The following browsers / devices support HTTP/2:

  • Chrome (Android, Windows 10, Windows 8, Linux)
  • Safari (iOS 9, Safari 10.11+)
  • Edge (Windows 10)
  • IE 11 (Windows 10)
  • Opera (Windows, Linux)
  • Firefox (Windows, Linux)

This invites the question: Should we optimise for HTTP/2? My option is yes. Most browsers are “Evergreen” (or self-updating), and the most recent versions of all browsers (except IE) all implement HTTP/2. While users who are still using older browsers only compatible with HTTP/1.1 will be served a slower version of your website, a rapidly growing majority of users will be using HTTP/2 and not optimizing for these users strikes me as a little short sighted.

It costs money. As with any new technology, there’s a cost to upgrade. It’s a much smaller cost than most development processes, and should be as simple as upgrading the server your website is being served off. It may take time for your development team to understand the HTTP/2 architecture well enough to take full advantage but the sooner you start this process the cheaper it will be in the long run.

How to start the conversation

Contrary to the title, there are things that you need to ensure are implemented before you consider HTTP/2. Firstly, HTTP/2 requires SSL — If your website does not have SSL everywhere, implement that as soon as possible (if only for the PageRank bump) [#]_. Secondly, although HTTP/2 is pretty cool, if you’re not having “how fast is my site” conversations with your development team you’d be better off staring there. The “PageSpeed Insights” ( tool is a good place to get some insight.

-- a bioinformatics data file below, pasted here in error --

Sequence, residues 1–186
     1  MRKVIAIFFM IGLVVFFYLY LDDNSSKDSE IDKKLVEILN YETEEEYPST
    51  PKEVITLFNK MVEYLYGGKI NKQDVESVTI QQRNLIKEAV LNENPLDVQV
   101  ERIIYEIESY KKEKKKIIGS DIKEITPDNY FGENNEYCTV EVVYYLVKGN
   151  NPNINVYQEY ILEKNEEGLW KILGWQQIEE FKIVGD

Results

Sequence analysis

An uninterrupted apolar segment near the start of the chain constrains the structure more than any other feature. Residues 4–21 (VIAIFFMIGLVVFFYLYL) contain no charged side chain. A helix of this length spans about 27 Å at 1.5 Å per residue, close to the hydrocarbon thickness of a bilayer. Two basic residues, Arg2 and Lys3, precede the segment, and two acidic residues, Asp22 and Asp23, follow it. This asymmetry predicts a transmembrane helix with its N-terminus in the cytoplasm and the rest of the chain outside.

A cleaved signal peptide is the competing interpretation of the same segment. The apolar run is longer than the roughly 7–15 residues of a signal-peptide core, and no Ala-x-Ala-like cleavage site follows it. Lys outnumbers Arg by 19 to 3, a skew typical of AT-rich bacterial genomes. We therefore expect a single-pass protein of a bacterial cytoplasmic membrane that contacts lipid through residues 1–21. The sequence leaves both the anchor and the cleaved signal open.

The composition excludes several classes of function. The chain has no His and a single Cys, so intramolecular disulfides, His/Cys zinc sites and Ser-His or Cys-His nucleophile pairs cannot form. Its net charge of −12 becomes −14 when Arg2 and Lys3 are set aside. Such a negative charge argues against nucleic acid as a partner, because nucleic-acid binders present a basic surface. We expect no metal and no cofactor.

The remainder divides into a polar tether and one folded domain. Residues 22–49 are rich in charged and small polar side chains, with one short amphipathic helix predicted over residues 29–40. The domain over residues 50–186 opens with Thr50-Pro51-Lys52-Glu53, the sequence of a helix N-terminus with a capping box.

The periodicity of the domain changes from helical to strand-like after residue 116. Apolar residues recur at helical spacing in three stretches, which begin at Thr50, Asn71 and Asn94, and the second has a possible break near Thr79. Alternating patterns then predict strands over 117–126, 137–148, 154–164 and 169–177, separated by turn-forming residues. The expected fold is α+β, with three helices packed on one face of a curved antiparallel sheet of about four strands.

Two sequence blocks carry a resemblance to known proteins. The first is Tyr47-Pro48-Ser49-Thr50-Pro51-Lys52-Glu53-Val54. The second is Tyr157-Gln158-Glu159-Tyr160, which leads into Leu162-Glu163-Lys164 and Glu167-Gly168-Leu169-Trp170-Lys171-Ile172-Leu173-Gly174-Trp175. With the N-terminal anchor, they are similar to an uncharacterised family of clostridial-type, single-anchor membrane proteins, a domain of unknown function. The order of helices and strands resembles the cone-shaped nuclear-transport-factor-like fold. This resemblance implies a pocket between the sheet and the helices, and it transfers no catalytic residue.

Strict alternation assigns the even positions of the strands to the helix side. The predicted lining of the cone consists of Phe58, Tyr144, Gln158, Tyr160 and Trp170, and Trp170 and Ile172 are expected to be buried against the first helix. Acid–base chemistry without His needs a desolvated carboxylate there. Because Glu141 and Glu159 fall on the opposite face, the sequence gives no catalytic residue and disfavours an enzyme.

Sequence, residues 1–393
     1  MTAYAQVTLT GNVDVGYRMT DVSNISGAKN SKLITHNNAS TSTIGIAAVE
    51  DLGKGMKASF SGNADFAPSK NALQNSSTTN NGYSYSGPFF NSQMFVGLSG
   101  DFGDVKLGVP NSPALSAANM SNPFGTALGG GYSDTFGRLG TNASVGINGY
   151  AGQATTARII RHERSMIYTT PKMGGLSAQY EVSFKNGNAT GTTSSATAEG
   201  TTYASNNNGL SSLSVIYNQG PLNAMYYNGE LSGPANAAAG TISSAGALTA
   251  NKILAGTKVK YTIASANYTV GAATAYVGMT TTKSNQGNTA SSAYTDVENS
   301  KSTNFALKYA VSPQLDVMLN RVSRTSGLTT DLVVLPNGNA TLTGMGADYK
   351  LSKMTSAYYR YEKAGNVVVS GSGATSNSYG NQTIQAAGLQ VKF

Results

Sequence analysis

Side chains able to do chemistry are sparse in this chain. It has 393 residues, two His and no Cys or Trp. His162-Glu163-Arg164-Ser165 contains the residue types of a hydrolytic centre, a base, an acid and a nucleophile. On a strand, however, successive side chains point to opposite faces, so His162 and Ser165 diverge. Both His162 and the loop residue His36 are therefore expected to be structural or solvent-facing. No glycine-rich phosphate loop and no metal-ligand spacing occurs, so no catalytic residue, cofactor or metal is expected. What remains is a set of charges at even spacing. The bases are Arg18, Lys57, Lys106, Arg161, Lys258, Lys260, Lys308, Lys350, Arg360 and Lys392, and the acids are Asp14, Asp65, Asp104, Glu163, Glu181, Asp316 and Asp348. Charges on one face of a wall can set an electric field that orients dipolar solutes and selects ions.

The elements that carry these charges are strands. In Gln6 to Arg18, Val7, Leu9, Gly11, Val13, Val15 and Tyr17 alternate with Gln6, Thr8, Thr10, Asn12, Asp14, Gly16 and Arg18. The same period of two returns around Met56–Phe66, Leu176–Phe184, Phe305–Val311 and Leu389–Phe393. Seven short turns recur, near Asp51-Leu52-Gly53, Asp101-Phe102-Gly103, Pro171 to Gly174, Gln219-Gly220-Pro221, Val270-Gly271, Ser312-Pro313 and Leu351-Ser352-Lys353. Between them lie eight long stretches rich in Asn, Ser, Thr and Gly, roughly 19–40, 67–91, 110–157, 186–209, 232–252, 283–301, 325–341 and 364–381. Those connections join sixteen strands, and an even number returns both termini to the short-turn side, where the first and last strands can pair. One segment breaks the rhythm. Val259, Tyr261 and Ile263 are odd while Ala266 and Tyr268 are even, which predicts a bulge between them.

It’s best to start the conversation with “What effect does site speed have on my customers?”. If you’re achieving a “time to glass” of 1s over HTTPS on 4G connections then, congratulations! You probably don’t need to do anything. If you don’t, it’s a worthy goal to strive for.

If you’re not sure how fast your site is, the Google PageSpeed Insights tool can be super helpful to determine whether your website is following the “best practices” of the day:

If you’re otherwise pretty sure that your speed ducks are in a row, place a ticket, schedule a phone call or otherwise start the conversation with “What is HTTP/2, and should we implement it”. I suggest you read a little beyond this article (the HTTP/2 FAQ in the references is a good place to start) before you start this conversation as the technology is new and you might catch your developers a little off guard.

Let me know what your experiences with H/2. Something awful backfired? I’d love to know about it — It’ll make me a better developer (clearly there’s something I didn’t know about).


Thanks to Martin Howden for his invaluable feedback and Jackie Mavridis for her patient review.

Please be aware this post may change in the future.

This post is as true as it can be at the time. However, sometimes things are wrong, badly phrased or will otherwise be arbitrarily changed. If you see something, say something — Leave a comment and it’ll be clarified further (and you’ll be added to the “Thanks” section)